Watch the World Burn by Leah Giarratano
Author: Leah Giarratano
Publisher: Random House
Copyright Year: 2010
Review By: Sylvia Loader
Miriam Caine, aged seventy, is dining with her son when she bursts into flames in the restaurant of a five-star hotel. The restaurant’s manager, Troy Berrigan, is first to her aid, but the woman later dies of her injuries. When investigators find accelerants on the victim’s face and clothing, the incident becomes a police matter, and attention is turned to Berrigan, a fallen hero cop, who fits the arsonist profil e. Berrigan knows he’s not the killer, but he also knows that at the time of the incident, he was the only person close enough to have set her on fire. When he’s connected to another death, Troy must do all he can to discover what really happened to Miriam Caine.
Her death preludes a spate of apparently unconnected acid and arson attacks around Sydney. Is it the beginning of an orchestrated campaign of terror? And is Troy Berrigan the perpetrator or an innocent bystander caught up in a terrible train of events?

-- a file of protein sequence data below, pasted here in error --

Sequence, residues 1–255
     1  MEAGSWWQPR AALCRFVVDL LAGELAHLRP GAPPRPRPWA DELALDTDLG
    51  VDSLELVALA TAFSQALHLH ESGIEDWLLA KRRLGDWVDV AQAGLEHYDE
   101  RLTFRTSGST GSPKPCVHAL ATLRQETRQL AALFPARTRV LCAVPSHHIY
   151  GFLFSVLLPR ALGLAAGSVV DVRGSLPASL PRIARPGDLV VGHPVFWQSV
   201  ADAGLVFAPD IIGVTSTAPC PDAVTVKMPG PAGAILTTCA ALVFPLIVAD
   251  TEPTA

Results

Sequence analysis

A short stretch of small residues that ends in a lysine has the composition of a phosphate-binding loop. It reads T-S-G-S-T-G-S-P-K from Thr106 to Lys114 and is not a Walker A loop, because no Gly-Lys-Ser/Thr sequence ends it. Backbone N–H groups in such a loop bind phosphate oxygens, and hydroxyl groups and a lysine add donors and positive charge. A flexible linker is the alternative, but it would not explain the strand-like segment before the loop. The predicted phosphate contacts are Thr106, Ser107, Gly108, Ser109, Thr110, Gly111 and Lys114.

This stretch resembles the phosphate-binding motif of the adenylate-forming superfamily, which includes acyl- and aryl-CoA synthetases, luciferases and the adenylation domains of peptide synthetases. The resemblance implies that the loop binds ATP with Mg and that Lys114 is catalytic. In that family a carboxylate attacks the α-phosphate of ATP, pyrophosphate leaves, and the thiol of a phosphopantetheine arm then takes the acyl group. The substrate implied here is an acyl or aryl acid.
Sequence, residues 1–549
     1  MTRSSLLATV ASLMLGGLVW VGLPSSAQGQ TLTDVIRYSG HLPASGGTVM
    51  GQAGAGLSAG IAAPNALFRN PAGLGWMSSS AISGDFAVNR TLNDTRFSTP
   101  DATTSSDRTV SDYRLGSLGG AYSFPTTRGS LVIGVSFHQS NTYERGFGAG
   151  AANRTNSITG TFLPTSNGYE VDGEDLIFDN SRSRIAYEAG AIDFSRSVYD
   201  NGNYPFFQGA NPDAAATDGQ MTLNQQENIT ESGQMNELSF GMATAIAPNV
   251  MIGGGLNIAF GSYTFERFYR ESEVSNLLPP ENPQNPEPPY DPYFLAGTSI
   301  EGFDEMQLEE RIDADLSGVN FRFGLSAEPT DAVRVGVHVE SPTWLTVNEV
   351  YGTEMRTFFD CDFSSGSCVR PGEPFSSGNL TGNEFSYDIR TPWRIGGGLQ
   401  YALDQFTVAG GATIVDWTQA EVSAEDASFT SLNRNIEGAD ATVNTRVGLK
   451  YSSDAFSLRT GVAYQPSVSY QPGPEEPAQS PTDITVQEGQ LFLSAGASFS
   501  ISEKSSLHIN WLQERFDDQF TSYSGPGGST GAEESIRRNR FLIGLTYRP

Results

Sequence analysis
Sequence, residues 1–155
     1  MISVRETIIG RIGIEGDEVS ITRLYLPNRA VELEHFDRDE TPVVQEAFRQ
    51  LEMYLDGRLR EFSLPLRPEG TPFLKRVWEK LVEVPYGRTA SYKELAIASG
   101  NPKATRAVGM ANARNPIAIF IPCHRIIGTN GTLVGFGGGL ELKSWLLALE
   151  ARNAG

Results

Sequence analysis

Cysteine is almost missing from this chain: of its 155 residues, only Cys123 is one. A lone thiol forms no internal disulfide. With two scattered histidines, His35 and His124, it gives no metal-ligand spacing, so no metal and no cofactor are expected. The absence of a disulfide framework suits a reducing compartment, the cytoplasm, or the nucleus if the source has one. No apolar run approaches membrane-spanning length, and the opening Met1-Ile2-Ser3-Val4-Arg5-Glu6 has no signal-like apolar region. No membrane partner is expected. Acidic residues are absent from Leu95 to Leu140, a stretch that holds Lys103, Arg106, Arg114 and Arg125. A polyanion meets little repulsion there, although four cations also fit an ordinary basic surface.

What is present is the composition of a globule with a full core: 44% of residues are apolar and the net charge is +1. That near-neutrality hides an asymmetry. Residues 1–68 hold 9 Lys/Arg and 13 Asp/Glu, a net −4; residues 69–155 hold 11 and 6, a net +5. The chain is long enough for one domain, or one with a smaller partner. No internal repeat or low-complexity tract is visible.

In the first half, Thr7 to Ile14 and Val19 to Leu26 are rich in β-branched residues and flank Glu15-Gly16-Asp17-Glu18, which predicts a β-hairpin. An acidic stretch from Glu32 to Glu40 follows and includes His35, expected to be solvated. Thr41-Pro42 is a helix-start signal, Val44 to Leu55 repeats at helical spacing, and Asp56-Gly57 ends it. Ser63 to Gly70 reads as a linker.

While on study leave, Detective Sergeant Jill Jackson becomes caught up in the investigation. Working with Federal Agent Gabriel Delahunt, she is determined to find out what happened to Miriam Caine, because this case for her is not only about murder and maiming in Sydney: this case will change Jill Jackson’s life forever.
Fourth in the Sergeant Jill Jackson series, this is yet another compelling read from clinical physiatrist Dr. Leah Giarratano. At the appropriately named Incendie (French for fire) restaurant a woman burst into flames and the only person near enough to her to have started it is ex-cop Troy Berrigan. And this is only the start of a series of seemingly unrelated arson and acid attacks around Sydney.
Under suspicion, Troy works to clear his name while coping with the family issues so common in aboriginal society. Jill is on leave studying for her masters degree and is initially involved because her boyfriend is the investigating officer. But the crimes become all too personal for her as she is forced to revisit the traumas of her early life.
It is great to see Jill growing as a person though out the series. One of the features of Leah Giarratano’s work is that she understands the crises her characters experience and is able to focus on the different methods people use to cope with them. The minor characters are another feature, and their individual stories are small works of art enriching the story.
This is a book that seamlessly combines the police procedural with the psychological thriller – another great read.